The tobacco transported by conveyor 30 is dropped onto the outer surface of a fifth drum 32 mounted for driven rotation in either direction about a horizontally-oriented axis which is parallel to the axis of the drum 14.
The fifth drum 32 constitutes an analogous drum to drum 14 for feed to a second group of four reservoirs.
Since each reservoir feeds tobacco to two cigarette making machines, the apparatus of FIG. 1 may be used to feed tobacco to sixteen cigarette makers.
The tobacco distribution mechanism for tobacco from the fifth drum 32 includes sixth and seventh drums 34 and 36 analogous to third and fourth drums 18 and 20 and tobacco reservoir pipes 38, 40, 42 and 44 analogous to reservoir pipes 22, 24, 26 and 28.
The drums 14, 16, 18, 20, 32, 34 and 36 each is identically constructed and has the same diameter. Each of the drums is constructed of light gauge metal and is of low inertia construction to allow rapid switching of the direction of rotation thereof by suitable control means, not shown. As may be seen from FIG. 4, which illustrates drums 32, 34 and 36, the drums are hollow and have a plurality of elongate depressions or pockets 46 located in the outer surface and defined by radially extending walls 48 and arcuately-extending webs 50 for transportation of tobacco on the drum surface. The depressions 46 are equally circumferentially spaced from each other and are closed at each end by annular walls 51.
In order to prevent tobacco, especially fines, from being misdirected and accumulated in a reservoir to which it is not desired to convey tobacco, a pair of left-hand baffles 52 and right-hand baffles 54 is provided adjacent the periphery of each of the drums. The baffles 52 and 54 are sprung forwardly from the rear by spring elements 56 allowing tobacco to pass one of the pair of baffles 52 and 54 when the adjacent drum is rotating in one direction while preventing tobacco from passing the other of the pairs of baffles 52 and 54.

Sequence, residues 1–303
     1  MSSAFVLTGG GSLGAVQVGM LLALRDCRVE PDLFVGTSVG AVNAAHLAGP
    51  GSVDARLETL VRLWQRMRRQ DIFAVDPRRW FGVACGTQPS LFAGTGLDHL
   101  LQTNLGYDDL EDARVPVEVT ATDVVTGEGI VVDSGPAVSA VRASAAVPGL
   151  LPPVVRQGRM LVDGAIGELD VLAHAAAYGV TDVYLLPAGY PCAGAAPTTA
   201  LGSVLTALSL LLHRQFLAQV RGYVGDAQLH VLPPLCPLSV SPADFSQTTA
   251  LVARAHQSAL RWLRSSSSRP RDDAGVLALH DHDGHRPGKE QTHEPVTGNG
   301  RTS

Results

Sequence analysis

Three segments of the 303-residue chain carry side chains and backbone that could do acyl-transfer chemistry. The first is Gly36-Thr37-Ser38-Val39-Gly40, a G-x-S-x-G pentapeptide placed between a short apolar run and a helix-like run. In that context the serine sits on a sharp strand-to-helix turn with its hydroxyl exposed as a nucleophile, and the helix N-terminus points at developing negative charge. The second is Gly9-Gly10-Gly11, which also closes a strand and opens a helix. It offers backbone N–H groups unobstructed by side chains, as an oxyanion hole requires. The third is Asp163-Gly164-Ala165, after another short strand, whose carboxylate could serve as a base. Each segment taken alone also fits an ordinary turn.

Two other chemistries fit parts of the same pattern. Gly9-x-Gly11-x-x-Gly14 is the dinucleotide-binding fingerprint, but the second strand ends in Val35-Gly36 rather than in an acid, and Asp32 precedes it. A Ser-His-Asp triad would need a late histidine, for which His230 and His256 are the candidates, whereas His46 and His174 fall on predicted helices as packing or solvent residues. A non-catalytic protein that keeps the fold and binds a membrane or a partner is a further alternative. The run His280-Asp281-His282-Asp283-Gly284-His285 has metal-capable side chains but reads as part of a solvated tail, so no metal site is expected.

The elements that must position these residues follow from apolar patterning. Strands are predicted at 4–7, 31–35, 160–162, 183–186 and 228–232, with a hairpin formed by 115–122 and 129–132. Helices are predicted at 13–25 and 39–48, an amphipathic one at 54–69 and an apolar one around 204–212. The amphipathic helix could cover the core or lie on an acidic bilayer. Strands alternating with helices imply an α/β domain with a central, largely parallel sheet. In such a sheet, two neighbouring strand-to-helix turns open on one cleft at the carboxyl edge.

For example, considering drum 32, rotating in the clockwise direction to direct tobacco onto drum 36, tobacco in the depressions 46 are conveyed past the right-hand baffle 54, the webs 48 and tobacco in the depressions biasing the baffle 54. Meanwhile, any fines or other tobacco particles are unable to pass the left-hand baffle 52 and become misdirected to the drum 34.
Similarly, with drum 36 rotating in a clockwise direction and receiving tobacco from the drum 32, tobacco in the depression 46 is conveyed past the right-hand baffle 54 for passage to the reservoir 44 where the tobacco is required, while fines and other tobacco particles cannot pass the left-hand baffle 52 for passage to the reservoir 42 where the tobacco is not required.